The Artificial Pancreas is Coming, and Other Highlights from ADA 2016

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After taking a 15-month-break from writing about diabetes (15 months being the age of my daughter—coincidence?), I recently jumped back on the diabetes bandwagon and went to New Orleans for the American Diabetes Association’s 2016 Scientific Sessions. I’m glad I did. It was an interesting meeting, and gave me hope that the next few years are going to hold some very exciting developments for people with diabetes. Here are my top five takeaways:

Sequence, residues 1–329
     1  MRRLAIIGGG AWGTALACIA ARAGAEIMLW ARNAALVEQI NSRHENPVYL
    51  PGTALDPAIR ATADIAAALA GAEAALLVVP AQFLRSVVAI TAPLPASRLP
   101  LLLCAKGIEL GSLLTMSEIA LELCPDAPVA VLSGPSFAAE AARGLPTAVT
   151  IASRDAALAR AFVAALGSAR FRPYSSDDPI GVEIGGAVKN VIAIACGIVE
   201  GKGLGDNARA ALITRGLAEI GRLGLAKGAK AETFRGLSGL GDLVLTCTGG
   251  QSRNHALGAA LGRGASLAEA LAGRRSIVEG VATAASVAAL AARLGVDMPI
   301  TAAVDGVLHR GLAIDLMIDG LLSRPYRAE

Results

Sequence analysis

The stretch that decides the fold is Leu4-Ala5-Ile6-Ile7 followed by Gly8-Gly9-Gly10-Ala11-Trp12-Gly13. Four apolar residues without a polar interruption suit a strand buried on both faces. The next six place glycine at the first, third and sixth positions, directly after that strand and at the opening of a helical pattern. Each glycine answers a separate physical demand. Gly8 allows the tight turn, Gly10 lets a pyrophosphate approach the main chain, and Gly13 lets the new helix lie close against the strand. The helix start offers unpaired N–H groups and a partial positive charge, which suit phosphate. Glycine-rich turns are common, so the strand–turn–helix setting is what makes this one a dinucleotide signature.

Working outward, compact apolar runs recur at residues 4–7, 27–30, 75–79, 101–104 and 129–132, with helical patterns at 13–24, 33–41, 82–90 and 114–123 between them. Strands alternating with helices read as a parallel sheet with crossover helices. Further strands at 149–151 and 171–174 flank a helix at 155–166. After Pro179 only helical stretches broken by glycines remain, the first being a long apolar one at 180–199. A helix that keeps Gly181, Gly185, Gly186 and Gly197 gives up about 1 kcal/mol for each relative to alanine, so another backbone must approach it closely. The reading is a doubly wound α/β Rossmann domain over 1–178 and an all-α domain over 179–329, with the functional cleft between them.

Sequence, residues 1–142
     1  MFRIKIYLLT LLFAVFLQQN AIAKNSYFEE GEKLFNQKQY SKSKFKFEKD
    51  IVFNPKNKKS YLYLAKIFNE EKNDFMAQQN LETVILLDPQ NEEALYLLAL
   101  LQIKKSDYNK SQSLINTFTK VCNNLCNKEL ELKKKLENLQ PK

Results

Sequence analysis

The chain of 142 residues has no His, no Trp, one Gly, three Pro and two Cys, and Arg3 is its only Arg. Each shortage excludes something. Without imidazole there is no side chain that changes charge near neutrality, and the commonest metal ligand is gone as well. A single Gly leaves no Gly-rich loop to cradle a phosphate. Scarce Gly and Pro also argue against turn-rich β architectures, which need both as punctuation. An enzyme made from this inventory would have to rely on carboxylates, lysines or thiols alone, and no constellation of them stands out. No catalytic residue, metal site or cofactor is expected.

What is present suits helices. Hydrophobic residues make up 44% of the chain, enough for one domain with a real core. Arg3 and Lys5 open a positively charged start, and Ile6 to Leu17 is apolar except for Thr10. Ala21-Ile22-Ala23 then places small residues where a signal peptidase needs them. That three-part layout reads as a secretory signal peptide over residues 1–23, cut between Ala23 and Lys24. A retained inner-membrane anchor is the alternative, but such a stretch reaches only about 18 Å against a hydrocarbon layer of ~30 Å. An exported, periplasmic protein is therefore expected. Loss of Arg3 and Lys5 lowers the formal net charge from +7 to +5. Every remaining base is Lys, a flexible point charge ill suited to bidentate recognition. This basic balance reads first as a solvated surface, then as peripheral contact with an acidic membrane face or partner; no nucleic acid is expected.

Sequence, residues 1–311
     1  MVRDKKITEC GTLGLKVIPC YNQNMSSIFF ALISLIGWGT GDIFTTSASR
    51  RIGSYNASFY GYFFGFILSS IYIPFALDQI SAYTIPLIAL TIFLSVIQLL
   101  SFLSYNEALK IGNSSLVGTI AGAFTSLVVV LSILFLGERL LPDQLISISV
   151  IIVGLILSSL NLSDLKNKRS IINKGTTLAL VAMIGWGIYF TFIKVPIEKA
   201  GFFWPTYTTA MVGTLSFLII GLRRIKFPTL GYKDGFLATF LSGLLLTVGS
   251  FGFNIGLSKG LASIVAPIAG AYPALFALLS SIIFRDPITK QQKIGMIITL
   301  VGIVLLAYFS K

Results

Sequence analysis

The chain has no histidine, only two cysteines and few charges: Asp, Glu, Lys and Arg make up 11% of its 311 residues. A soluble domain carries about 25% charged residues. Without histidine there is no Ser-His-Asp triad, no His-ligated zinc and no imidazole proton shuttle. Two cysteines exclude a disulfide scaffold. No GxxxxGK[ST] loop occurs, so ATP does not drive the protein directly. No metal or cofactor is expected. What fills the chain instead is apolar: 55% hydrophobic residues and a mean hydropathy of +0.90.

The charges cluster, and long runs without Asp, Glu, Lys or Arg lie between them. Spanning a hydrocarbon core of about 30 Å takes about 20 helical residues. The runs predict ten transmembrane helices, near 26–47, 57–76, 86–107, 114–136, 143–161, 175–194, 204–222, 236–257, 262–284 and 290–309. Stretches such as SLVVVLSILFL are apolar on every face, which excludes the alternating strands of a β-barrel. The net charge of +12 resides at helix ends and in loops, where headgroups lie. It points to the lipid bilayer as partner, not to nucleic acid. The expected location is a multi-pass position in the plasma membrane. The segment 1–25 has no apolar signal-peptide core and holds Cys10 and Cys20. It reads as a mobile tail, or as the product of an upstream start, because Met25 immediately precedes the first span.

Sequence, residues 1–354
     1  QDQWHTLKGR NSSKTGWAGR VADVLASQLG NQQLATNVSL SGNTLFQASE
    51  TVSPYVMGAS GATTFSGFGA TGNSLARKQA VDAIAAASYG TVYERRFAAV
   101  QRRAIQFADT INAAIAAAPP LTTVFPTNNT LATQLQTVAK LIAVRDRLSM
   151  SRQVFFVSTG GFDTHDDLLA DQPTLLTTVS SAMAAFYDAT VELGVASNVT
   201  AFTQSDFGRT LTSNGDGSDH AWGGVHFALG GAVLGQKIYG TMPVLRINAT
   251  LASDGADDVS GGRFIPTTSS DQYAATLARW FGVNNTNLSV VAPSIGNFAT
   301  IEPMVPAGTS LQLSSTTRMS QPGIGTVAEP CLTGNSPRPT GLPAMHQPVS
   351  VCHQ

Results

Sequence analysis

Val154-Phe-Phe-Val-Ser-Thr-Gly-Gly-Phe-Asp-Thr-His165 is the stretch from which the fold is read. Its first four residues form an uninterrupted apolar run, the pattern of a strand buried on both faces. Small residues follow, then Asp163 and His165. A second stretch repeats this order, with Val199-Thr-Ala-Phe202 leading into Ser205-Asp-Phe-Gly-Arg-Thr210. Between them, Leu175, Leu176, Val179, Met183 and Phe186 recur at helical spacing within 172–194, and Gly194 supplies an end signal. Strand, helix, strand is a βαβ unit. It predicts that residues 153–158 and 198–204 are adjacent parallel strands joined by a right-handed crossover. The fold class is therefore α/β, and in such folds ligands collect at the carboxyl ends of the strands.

1. The artificial pancreas is coming